Elements of an HMM N: Number of states S = {S 1, S 2,..., S N } M: Number of observation symbols V = {v 1,v 2,...,v M } A = [a ij ]: N by N state transition probability matrix a ij ≡ P (q t+1 =S j | q t =S i ) B = b j (m): N by M observation probability matrix b j (m) ≡ P (O t =v m | q t =S j ) Π = [π i ]: N by 1 initial state probability vector π i ≡ P (q 1 =S i ) λ = (A, B, Π), parameter set of HMM 10 Lecture Notes for E Alpaydın 2010 Introduction to Machine Learning 2e © The MIT Press (V1.0)

Three Basic Problems of HMMs 1. Evaluation: Given λ, and O, calculate P (O | λ) 2. State sequence: Given λ, and O, find Q * such that P (Q * | O, λ ) = max Q P (Q | O, λ ) 3. Learning: Given X ={O k } k, find λ * such that P ( X | λ * )=max λ P ( X | λ ) (Rabiner, 1989) 11 Lecture Notes for E Alpaydın 2010 Introduction to Machine Learning 2e © The MIT Press (V1.0)

Evaluation Forward variable: The probability of observing the partial sequence until time t and being in S i at time t, given the model Evaluation result 12 Lecture Notes for E Alpaydın 2010 Introduction to Machine Learning 2e © The MIT Press (V1.0)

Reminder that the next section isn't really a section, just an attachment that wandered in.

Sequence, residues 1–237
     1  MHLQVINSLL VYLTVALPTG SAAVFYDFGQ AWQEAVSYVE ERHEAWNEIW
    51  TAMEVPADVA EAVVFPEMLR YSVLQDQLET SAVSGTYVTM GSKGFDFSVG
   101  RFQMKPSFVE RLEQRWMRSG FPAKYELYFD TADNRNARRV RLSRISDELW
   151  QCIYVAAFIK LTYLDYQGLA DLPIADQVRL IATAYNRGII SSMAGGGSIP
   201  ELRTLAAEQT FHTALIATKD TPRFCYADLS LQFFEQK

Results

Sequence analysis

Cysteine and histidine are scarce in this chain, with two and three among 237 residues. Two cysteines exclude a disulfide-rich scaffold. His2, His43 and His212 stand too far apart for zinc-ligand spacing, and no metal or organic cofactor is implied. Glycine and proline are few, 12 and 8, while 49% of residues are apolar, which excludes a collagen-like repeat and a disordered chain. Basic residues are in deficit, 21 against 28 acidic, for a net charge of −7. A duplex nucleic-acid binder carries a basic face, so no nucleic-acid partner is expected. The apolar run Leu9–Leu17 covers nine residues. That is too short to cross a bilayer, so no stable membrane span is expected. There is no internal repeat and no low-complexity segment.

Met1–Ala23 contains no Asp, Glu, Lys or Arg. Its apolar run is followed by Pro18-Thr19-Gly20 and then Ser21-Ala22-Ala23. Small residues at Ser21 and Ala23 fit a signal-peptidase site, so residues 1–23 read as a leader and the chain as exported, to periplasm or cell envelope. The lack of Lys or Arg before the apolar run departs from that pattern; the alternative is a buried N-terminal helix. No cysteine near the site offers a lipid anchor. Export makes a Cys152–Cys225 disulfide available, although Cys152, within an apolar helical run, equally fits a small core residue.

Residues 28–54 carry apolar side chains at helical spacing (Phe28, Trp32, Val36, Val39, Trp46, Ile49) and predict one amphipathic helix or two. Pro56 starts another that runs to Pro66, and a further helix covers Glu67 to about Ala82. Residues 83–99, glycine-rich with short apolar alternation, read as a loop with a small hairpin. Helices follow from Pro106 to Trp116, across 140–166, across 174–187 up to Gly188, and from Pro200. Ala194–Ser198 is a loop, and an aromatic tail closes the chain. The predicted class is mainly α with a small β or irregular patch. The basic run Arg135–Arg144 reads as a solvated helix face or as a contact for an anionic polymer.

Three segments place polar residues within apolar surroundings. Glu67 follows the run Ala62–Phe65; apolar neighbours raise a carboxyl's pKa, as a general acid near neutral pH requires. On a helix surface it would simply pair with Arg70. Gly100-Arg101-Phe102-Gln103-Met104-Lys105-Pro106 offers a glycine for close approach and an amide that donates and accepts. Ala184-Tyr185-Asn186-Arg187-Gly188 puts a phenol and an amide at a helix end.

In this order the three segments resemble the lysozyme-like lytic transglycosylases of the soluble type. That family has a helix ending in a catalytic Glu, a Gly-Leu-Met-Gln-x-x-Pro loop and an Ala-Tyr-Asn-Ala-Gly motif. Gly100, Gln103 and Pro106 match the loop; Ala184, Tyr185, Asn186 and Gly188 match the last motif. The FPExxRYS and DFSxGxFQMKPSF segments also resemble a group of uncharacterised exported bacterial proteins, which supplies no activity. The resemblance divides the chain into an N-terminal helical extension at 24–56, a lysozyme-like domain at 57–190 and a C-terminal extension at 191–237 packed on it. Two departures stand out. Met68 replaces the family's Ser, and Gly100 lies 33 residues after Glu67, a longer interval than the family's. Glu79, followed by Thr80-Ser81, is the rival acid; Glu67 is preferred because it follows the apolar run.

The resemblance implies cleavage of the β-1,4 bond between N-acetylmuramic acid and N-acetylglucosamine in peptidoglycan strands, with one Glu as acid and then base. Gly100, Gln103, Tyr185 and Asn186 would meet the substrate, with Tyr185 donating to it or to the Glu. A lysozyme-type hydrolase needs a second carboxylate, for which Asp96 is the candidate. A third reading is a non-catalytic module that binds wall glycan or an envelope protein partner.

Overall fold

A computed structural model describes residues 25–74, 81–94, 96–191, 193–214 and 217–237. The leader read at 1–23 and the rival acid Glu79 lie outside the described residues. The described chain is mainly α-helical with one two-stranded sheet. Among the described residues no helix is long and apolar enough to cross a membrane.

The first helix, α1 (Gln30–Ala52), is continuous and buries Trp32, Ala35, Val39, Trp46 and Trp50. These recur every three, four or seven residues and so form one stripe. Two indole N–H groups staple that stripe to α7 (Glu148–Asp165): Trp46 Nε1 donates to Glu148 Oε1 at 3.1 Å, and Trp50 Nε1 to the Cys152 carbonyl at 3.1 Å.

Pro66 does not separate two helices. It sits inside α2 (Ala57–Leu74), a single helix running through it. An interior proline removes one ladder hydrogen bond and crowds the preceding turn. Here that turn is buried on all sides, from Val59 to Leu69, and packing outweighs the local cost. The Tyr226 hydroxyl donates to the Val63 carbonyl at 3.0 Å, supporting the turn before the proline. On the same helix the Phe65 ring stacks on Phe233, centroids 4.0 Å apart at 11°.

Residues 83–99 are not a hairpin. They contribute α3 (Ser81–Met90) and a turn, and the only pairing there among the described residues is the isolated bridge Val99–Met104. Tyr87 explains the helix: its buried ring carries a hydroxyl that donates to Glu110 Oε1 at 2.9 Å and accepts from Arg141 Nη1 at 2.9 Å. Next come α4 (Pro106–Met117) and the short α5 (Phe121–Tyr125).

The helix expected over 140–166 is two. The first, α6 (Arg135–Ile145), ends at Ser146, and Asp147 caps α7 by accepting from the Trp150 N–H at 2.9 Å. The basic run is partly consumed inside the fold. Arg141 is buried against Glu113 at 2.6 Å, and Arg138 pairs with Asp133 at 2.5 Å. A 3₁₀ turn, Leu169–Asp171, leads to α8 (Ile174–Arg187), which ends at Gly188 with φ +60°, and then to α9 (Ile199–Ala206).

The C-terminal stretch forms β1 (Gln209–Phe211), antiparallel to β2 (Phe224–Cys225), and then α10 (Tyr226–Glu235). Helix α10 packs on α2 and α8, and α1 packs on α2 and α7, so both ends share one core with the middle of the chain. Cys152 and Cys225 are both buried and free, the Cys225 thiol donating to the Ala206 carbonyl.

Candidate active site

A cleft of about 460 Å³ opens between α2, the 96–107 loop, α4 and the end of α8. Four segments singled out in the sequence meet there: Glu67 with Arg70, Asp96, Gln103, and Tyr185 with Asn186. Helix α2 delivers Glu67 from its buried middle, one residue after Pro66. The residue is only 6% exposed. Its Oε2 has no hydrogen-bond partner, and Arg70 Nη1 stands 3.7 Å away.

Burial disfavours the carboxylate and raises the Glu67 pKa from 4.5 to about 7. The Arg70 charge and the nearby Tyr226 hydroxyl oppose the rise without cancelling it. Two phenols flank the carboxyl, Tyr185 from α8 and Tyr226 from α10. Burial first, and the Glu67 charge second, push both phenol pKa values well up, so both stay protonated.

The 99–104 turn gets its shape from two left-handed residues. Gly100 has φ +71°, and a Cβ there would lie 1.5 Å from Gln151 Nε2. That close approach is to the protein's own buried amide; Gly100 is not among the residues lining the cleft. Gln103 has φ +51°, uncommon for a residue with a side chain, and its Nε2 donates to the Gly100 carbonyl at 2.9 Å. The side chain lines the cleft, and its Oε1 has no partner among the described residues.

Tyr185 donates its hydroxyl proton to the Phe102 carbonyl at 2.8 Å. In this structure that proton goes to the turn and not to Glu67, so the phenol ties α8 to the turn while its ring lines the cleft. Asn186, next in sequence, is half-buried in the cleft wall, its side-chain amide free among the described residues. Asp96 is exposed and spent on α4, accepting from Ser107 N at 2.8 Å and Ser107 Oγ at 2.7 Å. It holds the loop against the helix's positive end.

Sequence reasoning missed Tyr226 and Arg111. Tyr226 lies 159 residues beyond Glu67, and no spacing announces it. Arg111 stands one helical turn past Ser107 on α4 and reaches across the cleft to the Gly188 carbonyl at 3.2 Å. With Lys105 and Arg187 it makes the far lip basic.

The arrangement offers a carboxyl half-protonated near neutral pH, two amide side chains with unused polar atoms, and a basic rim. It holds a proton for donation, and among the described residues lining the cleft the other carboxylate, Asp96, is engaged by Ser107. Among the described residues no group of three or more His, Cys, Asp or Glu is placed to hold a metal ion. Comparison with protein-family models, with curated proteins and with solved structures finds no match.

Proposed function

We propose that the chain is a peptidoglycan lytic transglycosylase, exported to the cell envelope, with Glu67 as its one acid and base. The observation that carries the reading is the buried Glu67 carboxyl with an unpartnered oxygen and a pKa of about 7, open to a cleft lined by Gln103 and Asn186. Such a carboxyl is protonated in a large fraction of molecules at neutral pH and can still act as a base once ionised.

Evaluation Backward variable: The probability of being in S i at time t and observing the partial sequence 13 Lecture Notes for E Alpaydın 2010 Introduction to Machine Learning 2e © The MIT Press (V1.0)

Finding the State Sequence No! Because this may choose S i and S j as the most probable state at time t and t+1 even when a ij =0. Choose the state that has the highest probability, for each time step: q t * = arg max i γ t (i) The probability of being in state S i at time t, given O and 14 Lecture Notes for E Alpaydın 2010 Introduction to Machine Learning 2e © The MIT Press (V1.0)

Viterbi’s Algorithm (Dynamic programming) δ t (i) ≡ max q1q2∙∙∙ qt-1 p(q 1 q 2 ∙∙∙q t-1,q t =S i,O 1 ∙∙∙O t | λ) The probability of the highest probability path at time t that accounts for the first t observations and ends in S i. Initialization: δ 1 (i) = π i b i (O 1 ), ψ 1 (i) = 0 Recursion: δ t (j) = max i δ t-1 (i)a ij b j (O t ), ψ t (j) = arg max i δ t-1 (i)a ij Termination: p * = max i δ T (i), q T * = argmax i δ T (i) Path (state sequence) backtracking: q t * = ψ t+1 (q t+1 * ), t=T-1, T-2,..., 1 15 Lecture Notes for E Alpaydın 2010 Introduction to Machine Learning 2e © The MIT Press (V1.0)